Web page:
| WMU News
Update, Jan. 31—Visiting Chinese scholar Dr. Ling Wei's lecture on "Rebalancing or Debalancing: The U.S. Strategies and New Asian Order," originally scheduled for Jan. 31, has been rescheduled for 3 p.m. Friday, Feb. 1, in 2212 Dunbar Hall.
KALAMAZOO—The potential impact of U.S. strategies in East Asia will be outlined in a talk by a visiting Chinese scholar at 4:30 p.m. Thursday, Jan. 31, in 2028 Brown Hall on Western Michigan University's main campus.
Dr. Ling Wei, professor of international studies and director of the East Asian Studies Center at China Foreign Affairs University in Beijing, China, will present the talk. Titled "Rebalancing or Debalancing: The U.S. Strategies and New Asian Order," it is free and open to the public.
According to Wei, East Asia's order is in evolution, but the region is at a crossroads. She says old and existing order patterns no longer apply, including China's ancient tributary order, the current consensus and balancing order of the Association of Southeast Asian Nations, and the hovering U.S. hegemonic order.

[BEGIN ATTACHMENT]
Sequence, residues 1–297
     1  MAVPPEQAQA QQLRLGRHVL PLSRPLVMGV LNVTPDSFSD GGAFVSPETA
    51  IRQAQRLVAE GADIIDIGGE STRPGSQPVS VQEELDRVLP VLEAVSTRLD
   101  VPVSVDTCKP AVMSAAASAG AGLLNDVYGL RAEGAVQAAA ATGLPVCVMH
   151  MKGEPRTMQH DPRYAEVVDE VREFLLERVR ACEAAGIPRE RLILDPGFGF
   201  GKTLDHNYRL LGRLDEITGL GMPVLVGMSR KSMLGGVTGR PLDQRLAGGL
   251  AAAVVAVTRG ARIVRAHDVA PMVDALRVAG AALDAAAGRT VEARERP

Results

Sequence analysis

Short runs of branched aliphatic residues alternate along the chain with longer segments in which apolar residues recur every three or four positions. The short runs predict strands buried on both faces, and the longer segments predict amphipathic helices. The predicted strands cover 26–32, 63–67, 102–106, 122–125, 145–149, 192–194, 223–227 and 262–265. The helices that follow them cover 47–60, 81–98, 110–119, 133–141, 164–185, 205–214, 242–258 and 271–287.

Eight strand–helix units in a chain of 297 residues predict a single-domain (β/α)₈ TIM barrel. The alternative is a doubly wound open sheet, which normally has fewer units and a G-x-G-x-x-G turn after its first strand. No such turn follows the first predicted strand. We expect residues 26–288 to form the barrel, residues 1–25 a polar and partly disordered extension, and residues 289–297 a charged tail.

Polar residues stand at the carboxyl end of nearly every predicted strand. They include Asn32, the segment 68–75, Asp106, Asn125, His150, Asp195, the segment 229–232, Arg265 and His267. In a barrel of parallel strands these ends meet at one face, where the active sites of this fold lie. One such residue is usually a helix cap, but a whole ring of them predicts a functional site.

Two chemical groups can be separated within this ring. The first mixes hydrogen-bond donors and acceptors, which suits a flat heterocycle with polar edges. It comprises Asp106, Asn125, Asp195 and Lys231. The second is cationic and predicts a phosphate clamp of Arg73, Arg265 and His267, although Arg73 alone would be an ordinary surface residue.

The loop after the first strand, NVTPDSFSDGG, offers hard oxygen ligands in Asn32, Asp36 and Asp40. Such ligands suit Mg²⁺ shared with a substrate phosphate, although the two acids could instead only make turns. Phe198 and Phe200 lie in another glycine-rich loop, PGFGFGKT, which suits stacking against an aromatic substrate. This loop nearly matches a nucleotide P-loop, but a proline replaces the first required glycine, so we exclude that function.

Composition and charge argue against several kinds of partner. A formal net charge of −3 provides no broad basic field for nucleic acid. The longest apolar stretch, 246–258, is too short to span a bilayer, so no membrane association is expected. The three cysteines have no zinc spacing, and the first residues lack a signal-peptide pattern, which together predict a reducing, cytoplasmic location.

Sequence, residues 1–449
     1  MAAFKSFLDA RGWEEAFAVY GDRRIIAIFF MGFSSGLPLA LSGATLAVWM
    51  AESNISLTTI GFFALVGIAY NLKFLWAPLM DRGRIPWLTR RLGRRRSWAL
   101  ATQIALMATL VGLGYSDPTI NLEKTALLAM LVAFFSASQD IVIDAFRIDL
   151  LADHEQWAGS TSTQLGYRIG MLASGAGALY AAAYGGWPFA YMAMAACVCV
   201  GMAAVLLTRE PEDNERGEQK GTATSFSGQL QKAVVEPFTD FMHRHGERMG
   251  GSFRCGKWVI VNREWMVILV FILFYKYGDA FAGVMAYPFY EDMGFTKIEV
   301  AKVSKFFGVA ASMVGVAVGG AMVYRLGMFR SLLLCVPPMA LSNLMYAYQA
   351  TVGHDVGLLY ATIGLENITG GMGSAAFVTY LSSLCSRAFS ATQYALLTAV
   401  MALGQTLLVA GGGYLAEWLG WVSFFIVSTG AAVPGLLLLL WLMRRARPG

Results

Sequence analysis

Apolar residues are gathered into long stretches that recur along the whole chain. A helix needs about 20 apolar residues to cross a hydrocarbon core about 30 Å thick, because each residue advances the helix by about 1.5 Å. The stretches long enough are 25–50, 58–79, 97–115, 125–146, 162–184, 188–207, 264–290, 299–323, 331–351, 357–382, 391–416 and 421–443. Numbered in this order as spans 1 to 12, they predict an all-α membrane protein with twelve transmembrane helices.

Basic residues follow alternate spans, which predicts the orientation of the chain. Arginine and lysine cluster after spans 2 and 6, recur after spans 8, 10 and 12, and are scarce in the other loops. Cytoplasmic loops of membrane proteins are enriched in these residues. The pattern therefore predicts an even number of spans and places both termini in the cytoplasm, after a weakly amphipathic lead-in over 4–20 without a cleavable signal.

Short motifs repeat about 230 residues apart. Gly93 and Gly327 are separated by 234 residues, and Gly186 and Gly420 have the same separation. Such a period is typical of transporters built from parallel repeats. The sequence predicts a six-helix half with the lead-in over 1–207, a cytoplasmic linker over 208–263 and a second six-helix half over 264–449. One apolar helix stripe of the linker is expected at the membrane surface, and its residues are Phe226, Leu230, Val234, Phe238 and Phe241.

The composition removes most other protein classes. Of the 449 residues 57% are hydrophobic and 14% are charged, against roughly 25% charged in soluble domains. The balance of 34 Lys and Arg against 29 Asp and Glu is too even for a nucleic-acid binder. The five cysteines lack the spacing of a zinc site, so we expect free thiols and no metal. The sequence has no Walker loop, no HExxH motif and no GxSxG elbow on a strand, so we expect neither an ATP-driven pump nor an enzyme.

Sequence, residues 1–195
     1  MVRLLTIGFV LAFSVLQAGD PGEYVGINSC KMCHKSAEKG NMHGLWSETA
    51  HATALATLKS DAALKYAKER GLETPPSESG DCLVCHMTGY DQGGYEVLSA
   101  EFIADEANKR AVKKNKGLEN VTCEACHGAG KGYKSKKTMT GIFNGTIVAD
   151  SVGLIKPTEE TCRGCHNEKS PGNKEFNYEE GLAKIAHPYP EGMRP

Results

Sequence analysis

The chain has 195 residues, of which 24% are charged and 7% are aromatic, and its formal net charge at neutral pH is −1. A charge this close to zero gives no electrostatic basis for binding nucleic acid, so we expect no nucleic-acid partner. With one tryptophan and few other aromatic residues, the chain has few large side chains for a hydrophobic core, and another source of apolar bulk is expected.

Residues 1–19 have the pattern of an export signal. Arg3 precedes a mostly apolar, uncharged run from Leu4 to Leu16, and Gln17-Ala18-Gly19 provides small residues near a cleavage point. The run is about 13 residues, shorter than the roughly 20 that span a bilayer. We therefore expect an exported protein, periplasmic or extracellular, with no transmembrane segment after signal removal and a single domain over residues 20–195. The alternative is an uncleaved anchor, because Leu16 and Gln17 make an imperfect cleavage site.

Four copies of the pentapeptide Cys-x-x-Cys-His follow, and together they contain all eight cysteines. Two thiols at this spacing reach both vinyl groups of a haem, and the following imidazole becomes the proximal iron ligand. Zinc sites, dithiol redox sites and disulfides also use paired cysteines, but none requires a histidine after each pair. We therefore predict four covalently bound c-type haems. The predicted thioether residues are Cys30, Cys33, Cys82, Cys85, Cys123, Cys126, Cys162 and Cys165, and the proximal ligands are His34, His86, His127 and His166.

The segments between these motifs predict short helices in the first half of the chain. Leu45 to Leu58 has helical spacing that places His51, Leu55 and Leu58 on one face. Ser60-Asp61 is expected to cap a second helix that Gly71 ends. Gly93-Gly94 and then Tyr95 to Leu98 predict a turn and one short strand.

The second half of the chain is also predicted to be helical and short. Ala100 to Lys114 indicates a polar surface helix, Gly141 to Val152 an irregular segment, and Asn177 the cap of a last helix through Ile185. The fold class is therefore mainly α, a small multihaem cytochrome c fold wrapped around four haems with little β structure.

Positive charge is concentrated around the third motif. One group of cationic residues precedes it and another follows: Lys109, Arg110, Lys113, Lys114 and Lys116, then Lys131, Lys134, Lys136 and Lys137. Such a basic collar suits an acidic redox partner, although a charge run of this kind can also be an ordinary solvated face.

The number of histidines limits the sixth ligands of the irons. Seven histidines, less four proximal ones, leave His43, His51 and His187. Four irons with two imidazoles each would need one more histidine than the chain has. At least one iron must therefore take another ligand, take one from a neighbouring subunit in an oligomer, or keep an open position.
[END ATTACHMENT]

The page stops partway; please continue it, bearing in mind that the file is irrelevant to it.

The United States plays a critical role in the evolution of Asian order, Wei says. So to a great degree, the nature of the new Asian order will be determined by how the United States employs its power; how it manages its relations with allies, partners and other stakeholders; and which regional institutions it commits itself to and to what extent.
Wei also suggests that without coordination with and support from key players in East Asia, the "strategic" rebalance of the Obama administration can debalance the region.
Wei is the Chinese contact for the Network of East Asian Think-tanks and is on the editorial board of Foreign Affairs Review (Waijiao Pinglun). Her research interests include international relations theory and East Asian regionalism.
She is a 2012-13 Fulbright Visiting Scholar at Cornell University, and previously was a visiting scholar at Oakland University and the French Institute of International Relations. Wei earned her doctoral degree in international relations from China Foreign Affairs University.
For more information about the event, call (269) 387-3951 or visit firstname.lastname@example.org.